For many, that’s a new concept.  To think that God uses unsaved evil pagan people who worship other god’s to do what the true God wants accomplished.  God placed it into the mind of Caesar Augustus to take a census at just the right time when Mary was 9 months pregnant.  God also had Mary and Joseph to be descendants of King David whose city was Bethlehem.  Everything is working according to God sovereign decree.

Galatians 4:4 (ESV)

But when the fullness of time had come, God sent forth his Son, born of woman, born under the law,

2. God Rules Individuals (Luke 2:4-5)

[4] And Joseph also went up from Galilee, from the town of Nazareth, to Judea, to the city of David, which is called Bethlehem, because he was of the house and lineage of David,  [5] to be registered with Mary, his betrothed, who was with child.

Joseph and Mary are both descendants of King David.  Both go to their homeland in Bethlehem.  By this time, most theologians believe Joseph and Mary have been married and are now husband and wife.  Luke uses the term “betrothed” to indicate that they had still not had intimate relations and wouldn’t until the baby was born.

Some believe Mary could have remained at home and that Joseph could have registered her for the census.  However, I believe it was the Micah prophecy coupled with the cencus that caused Mary to make the hard 90 mile journey.  Perhaps it was also the fact that she was very far along and Joseph knew she was about to give birth.  Perhaps another factor was the gossiping people back in Nazareth who saw her pregnancy as a scandal that made Joseph bring her along.  Or maybe it was all of the above?

The great NT commentator Leon Morris makes these remarks,

We should perhaps reflect that it was the combination of a decree by the emperor in distant Rome and the gossiping tongues of Nazareth that brought Mary to Bethlehem at just the right time to fulfill the prophecy about the birthplace of the Christ (Mi. 5:2).  God works through all kinds of people to effect His purposes. –Leon Morris The Gospel According to Luke

It’s important to understand that God’s power over events is big enough to affect nations and even the world and also powerful enough to affect the acts of individuals as well.  Joseph and Mary went up to Bethlehem because there was a census, indirectly.  They went up to Bethlehem because God wanted them in Bethlehem, King David’s city.

Bethlehem is David’s city.

1 Samuel 20:6 (ESV)

If your father misses me at all, then say, ‘David earnestly asked leave of me to run to Bethlehem his city, for there is a yearly sacrifice there for all the clan.’

It was in this town that David was born and tended the sheep.

Everyone from David’s line had to make the trip to Bethlehem to be counted and to register.

God sovereignly directs Joseph and Mary to Bethlehem to fulfill OT prophecy concerning the Messiah.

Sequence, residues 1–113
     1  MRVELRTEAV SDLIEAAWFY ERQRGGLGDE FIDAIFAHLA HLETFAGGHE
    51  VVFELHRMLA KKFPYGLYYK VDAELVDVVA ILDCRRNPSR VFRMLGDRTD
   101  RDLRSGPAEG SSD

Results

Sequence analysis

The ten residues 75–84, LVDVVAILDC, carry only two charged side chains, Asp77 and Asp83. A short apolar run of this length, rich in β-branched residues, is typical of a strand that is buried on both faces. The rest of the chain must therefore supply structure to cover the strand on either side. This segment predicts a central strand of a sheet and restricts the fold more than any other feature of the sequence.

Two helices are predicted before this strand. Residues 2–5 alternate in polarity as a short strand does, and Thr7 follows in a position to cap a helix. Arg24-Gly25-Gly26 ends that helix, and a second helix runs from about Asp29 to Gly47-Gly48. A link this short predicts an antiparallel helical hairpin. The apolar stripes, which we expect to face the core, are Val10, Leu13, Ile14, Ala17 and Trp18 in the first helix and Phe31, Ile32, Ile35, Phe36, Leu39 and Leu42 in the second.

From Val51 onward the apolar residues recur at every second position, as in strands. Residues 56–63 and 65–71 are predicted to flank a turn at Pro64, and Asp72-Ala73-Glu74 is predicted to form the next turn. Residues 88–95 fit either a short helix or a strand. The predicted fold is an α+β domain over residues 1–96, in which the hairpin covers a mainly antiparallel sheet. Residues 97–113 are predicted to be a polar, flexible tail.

Micah 5:2 (ESV)

But you, O Bethlehem Ephrathah,

who are too little to be among the clans of Judah,

from you shall come forth for me

one who is to be ruler in Israel,

whose origin is from of old,

from ancient days.

This passage is not referring to King David because David had already died by the time Micah wrote.  Micah’s king was off in the future somewhere.

But Micah’s King Messiah would come.

3. Luke’s Simplicity (Luke 2:6-7)

[6] And while they were there, the time came for her to give birth.  [7] And she gave birth to her firstborn son and wrapped him in swaddling cloths and laid him in a manger, because there was no place for them in the inn.

As we read these verses we’re left wondering.  It’s like we only get a very small part of the story.  All Luke records of the greatest event to ever take place on earth is: The time came for her to give birth; she gave birth and wrapped Him in a blanket, set Him in a manger because the inn was overcrowded.

I truly believe Luke, by his simplicity, is setting us up for a paradox.  The paradox is power in weakness found in Christ and the weakness of power found in Caesar Augustus.

Caesar could command the entire known world and they responded by obeying his decree to go to their hometowns to be counted and registered.  For all intents and purposes Caesar Augustus was in charge…or was he?  Prior to Ceasar Augustus, the Roman Empire for 20 years had suffered from discord and multiple rulers.  Finally, when Caesar Augustus stepped into power the Roman Empire now was experiencing peace.  The Pax Romana as historians call it, the peace of Rome.

In comparison we see the power, fame, and glory of Augustus and the weakness, humility, and obscurity of this little baby born in Bethlehem.  Caesar Augustus commanded the known word and was very wealthy where Jesus as a baby was poor and lowly.  Caesar’s glory was incomparable.  Jesus was lowly and obscure.